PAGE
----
14. 14. Though Gone With the Wind romanticizes the antebellum south (Dana’s complaint), it also naturalizes the progression of history. By making the Union victory, the end of slavery, Reconstruction and its failures seem inevitable, the novel presents the present as a time of progress and as a telos to history’s process. Kindred, with its insertions of modern and contemporary parallels to slavery (South African apartheid, the atrocities committed by the Third Reich), suggests that the passage of time does not, of itself, suggest progress. Telos: an ultimate object or aim
  15. 15. Intertextual Critique and Kindred “The book was Robinson Crusoe. I had read it when I was little, and I could remember not really liking it, but not quite being able to put it down. Crusoe had, after all, been on a slave-trading voyage when he was shipwrecked. I opened the book with some apprehension, wondering what archaic spelling and punctuation I would face. I found the expected f’s for s’s and a few other things that didn’t turn up as often, but I got used to them very quickly. And I began to get into Robinson Crusoe. As a kind of castaway myself, I was happy to escape into the fictional world of someone else’s trouble.” (87)
  16. 16. Daniel Defoe, Robinson Crusoe, 1719.
  17. 17. Literary parody and Kindred “We had finished Robinson Crusoe long ago, and Kevin had chosen a couple of other familiar books from the library. We had already gone through the first, Pilgrim’s Progress. Now we were working on Gulliver’s Travels.” (102)
  18. 18. Jonathan Swift, Gulliver’s Travels, 1726 (amend. 1735)
  19. 19. We can read Gulliver’s Travels as a critique of British “civilizing” narratives like the one featured in Robinson Crusoe. In Defoe’s Robinson Crusoe,a British slave trader finds himself shipwrecked on an island where he re-creates the things of civilization (including clothes and an umbrella!), makes a friend/manservant of the “savage” (to whom he gives a temporal name, “Friday”), and eventually returns to England. While Crusoe encounters cannibals and “uncivilized” persons on his voyages (thus allowing him to emphasize the primacy of “civilized” England), Swift’s Lemuel Gulliver encounters a series of countries that have their own courtly civilizations. His final encounter with the Houyhnhnms, an enlightened society of horses, leads him to regret his eventual return to England, where he encounters human depravity.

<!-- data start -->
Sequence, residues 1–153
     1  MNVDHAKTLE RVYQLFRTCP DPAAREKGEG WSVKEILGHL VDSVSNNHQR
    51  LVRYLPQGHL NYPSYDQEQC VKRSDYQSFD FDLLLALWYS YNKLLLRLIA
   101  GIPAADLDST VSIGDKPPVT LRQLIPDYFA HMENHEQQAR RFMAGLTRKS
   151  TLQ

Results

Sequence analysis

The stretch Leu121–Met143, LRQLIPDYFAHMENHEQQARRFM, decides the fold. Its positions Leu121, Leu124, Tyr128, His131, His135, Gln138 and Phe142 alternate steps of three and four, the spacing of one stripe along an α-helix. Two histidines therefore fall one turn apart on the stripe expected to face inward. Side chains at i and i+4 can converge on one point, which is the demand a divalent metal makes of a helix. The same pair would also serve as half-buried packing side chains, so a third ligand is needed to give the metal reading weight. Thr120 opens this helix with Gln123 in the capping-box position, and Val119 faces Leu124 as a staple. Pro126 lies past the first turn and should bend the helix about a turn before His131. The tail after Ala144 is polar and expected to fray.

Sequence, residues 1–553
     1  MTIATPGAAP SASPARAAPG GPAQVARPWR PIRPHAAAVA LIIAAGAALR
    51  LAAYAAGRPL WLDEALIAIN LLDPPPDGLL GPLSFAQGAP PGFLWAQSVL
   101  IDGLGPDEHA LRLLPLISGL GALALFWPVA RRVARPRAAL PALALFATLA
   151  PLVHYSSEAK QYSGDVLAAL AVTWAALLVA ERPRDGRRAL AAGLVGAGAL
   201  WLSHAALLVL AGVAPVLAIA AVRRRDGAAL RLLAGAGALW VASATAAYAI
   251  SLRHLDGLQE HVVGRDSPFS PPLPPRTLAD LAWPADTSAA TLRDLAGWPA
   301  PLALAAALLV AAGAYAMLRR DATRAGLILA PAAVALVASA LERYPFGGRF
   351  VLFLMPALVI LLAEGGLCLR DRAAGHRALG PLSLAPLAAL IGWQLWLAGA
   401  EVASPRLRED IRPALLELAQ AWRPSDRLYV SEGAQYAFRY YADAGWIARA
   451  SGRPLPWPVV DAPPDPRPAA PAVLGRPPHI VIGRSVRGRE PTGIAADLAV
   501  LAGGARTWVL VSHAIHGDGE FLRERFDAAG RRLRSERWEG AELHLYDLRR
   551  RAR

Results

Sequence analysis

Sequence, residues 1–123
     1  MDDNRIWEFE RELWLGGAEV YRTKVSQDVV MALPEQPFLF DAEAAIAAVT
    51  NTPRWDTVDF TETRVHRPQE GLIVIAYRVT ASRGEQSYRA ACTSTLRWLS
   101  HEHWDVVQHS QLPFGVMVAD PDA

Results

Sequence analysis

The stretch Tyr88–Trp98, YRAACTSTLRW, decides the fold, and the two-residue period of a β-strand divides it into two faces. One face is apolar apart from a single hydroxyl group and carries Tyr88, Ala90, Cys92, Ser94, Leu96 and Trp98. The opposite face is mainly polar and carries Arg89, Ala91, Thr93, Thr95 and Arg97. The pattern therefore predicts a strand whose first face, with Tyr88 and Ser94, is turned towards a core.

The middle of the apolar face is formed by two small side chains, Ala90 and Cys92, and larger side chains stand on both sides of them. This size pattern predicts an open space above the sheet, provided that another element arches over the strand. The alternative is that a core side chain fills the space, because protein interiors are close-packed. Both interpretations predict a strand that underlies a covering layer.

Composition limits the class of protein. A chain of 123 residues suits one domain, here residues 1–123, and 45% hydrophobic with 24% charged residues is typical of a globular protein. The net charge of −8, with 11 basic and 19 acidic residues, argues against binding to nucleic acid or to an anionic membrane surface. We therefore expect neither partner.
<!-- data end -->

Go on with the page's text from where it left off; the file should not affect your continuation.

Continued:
20. 20. We might understand Kindred to be engaging critically with the historical novel in the same way that Swift critically engages the eighteenth century travelogue. Note, for instance, that Swift’s text is an early proto-science fiction novel, featuring the “extraordinary voyage.”
  21. 21. Re-writing history/the historical novel, on to a specific individual’s (slave) experience When we remember that the specific assumptions regarding history (linearity, progression, genealogy, even calendar dates) were often denied the slave, then this alternative mode of history doesn’t only involve the investigation of a mode of time proper to the experience of slavery; it also involves making the slave’s time (and the slave’s experience) a part of the national experience.
  22. 22. Dana’s personal history history as national history - Dana’s Birthday (chapter 1) and the Fourth of July (chapter 6) - Plantation as home (Dana’s return to the past) - Bicentennial – p. 64 (quarter solidifies truth of time travel) - Return to Maryland (novel’s conclusion)
  23. 23. The slave narrative as a way of writing the individual against/within the nation “Narrative of the Life of Frederick Douglass, an American Slave, Written by Himself” – note bitter irony of title -Writing as a mode of subject-formation -Literacy as path to (individual) freedom -Amanuensis (note repeated requests to Dana) -Necessity of representing slavery as an institution while also conforming to demands of rigid verisimilitude (often established through use of body)
  24. 24. Personal history, national history Octavia Butler, interviewed by John C. Snider, SciFiDimensions (2004) OEB: Well, of course I did a lot of library research, and I went off to Maryland and did some on-the-spot research. I talked to members of my family, and did some personal research that didn't really have anything to do with the time and place I was writing about, but that gave me a feeling of the experience of being black in a time and place where it was very difficult to be black. sfd: If I my memory is correct, Alex Haley's Roots (at least the mini-series) came out about the time you were writing Kindred... OEB: Actually, I don't think the mini-series had come out yet, but the book had come out and was a bestseller. When I was traveling around in Maryland, I kept running across little "Alex Haley was here" signs; you know, advertising that he had done research at that particular place. I was writing a completely different kind of book, so it didn't bother me. It at least let me know that I was in the right place to do research. *Haley’s work did not influence me+ because I really was doing a completely different kind of book. I wasn't trying to work out my own ancestry. I was trying to get people to feel slavery. I was trying to get across the kind of emotional and psychological stones that slavery threw at people.
  25. 25. Dana’s Epilogue: Historical Tourism, Heritage Sites “We flew to Maryland as soon as my arm was well enough…We went into the countryside, into what was still wood and farmland, and found a few of the old houses…But Rufus’s house was gone…I was the one who insisted on trying to find his grave.” (262) “ ‘He could have left a will,’ Kevin told me outside one of our haunts, the Maryland Historical Society.” (263) “ ‘You probably needed to come for the same reason I did…To try to understand. To touch solid evidence that those people existed. To reassure yourself that you’re sane.’ I looked back at the brick building of the Historical Society, itself a converted early mansion. “ (264)
  26. 26. Heritage sites: Mapping personal genealogy, national genealogy onto place (Tourism as time travel?) • Contemporary heritage site tourism (Eichstedt and Small note that furniture is mentioned 31 times as often as slavery at heritage sites) • Redford, Somerset Place Somerset Homecoming: Recovering a Lost Heritage (1988), largely inspired by Haley • National monuments as result of slave labor
  27. 27. “What to the Slave is the Fourth of July?” Frederick Douglass, July 5, 1852 “Washington could not die till he had broken the chains of his slaves. Yet his monument is built up by the price of human blood, and the traders in the bodies and souls of men shout – “We have Washington to our father.” Commemorative sites: combining narrative, time, and place